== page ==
As Whidbey Institute Executive Director for four transformative years, Jerry Millhon professes to have followed a cardinal rule: “hire people better than yourself.” While those of us on the staff would argue that Jerry’s a match for us all, we do see his attention to team-building bearing fruit. Most of us are here because of Jerry’s leadership, the culture he helped create, and the potential that he saw in each of us to fill the right role at the right time for the health of the whole organization.
This winter, Jerry is following his heart’s calling and stepping into Thriving Communities Initiative (TCI) program leadership—a shift which brings to a close his four years of service as Director. He and I recently spent some time together reflecting on his experience here.
Both Jerry and his late wife Kay loved, and served, the Institute during their first years on Whidbey Island—Kay as a staff member, from 1995 to 2004, and Jerry on the board, from 1995 to 2002. Thereafter, the two moved to San Francisco where Jerry took a position as Executive Director of the Foundation for Accelerated Vascular Research (now Vascular Cures). When the pair returned to Whidbey, for a volunteer assignment with the South Whidbey School District, Jerry experienced what he called, “a powerful sense of community and a feeling of coming home.”
When Jerry returned to the Institute, first in February 2010 as Interim Director and then in May 2010 in the permanent role, the organization was seeking a programmatic rudder and stability. The need for new leadership at the Institute arose at that time, and Jerry and Kay saw, “a new opportunity to see how precious this place was.””Everyone cared immensely,” he said, “but we all felt like we were seeking something just beyond our reach.” The Institute was embattled by the economic recession and a lack of clear direction, while Jerry himself was entering a time of deep, challenging experience with Kay on her journey with cancer. “When Kay and I were examining [whether my] becoming the ED was the right move for us, what we saw was not the challenge ahead,” Jerry said. “No—I saw us on the shoulders of those who had committed talents, countless hours, financial resources, and love to this place over the years . . . those who had lifted this organization up, including my wife Kay. They became vivid in my mind.” With Kay’s blessing, and in part because of their shared history with this place and the rich promise of the land, he jumped into the fray.
Jerry described his early experience as Institute Director as a blend of team-building and culture-shifting. “One cultural challenge to overcome was the feeling of scarcity,” he said. “Can you put that in the context of an abundant, loving, and wonderful place? [We were] creating a culture of financial stewardship.” With that new culture came the first team member—Wendy, in accounting—who helped the organization take its next steps toward solvency.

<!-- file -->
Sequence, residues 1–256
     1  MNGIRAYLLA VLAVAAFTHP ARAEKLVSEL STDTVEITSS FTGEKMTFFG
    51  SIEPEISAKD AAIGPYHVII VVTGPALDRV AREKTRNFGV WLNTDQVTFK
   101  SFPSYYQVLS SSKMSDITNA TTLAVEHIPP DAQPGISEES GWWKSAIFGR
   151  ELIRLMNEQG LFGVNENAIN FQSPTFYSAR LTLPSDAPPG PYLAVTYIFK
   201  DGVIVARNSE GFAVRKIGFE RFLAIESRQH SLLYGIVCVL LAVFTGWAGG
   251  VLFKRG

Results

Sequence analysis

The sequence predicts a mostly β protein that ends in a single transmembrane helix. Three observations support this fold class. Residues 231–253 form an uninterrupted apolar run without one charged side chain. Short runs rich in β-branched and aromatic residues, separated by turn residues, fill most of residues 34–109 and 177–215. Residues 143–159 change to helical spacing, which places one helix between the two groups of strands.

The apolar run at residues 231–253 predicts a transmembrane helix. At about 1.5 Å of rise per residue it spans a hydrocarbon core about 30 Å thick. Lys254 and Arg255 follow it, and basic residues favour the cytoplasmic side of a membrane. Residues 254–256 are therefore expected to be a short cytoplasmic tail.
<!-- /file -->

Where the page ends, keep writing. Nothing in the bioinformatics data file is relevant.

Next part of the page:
When it came to adding staff, Jerry said he relied first on a new core team member—Heather—who knew what they were getting into. “To do the kind of thing we were talking about, you need a critical mass of people who are really committed. Heather understood the vastness of the challenges ahead, and could see beyond the immediate horizon.” In our conversation, Jerry spoke of current and former staff members who stepped into vital roles at the right times. With credit to all the people, past and present, who helped create what we have today, Jerry described our current team of staff and board as, “diligent, competent, and able to dance together.”
“The growth of a wise, energized and productive board has been key! We have had a number of wonderful supportive board members over the years,” he said. “We really have partners in this process. Because it has a complex history and complex cultures, [the Whidbey Institute] demands . . . a powerful board.”
Regarding his upcoming transition, Jerry said he is pulled to attend to the thing he loves most. “I sense the unbelievable hunger in the world for stories and replicable actions that are contributing to a positive impact. It feels really important to apply as much of my time as I can to the buildup of a sustainable flow for Thriving Communities.” He’s not worried about the Institute, which has become not only stable, but robust, and which is able to both honor its roots and contribute to today’s most vital personal, social, and ecological solutions.
Thriving Communities launched with a 2012 gathering around local food systems. Since then, the body of work has grown to cover topics including local economy and health, and has both showcased and nurtured community-building programs in over 33 communities around the Pacific Northwest. Now, Jerry is ready to help it grow into something even greater. “I want to be in the gravel, in the dirt,” he said. “I’m not talking about heady ideas: I want to be able to see eye-to-eye with those people who, for some weird reason, started something that has actually changed the fiber of a community. I want to feel why and how, and give people confidence in what they could do in their own community. Those are stories and conversations that don’t have an end.”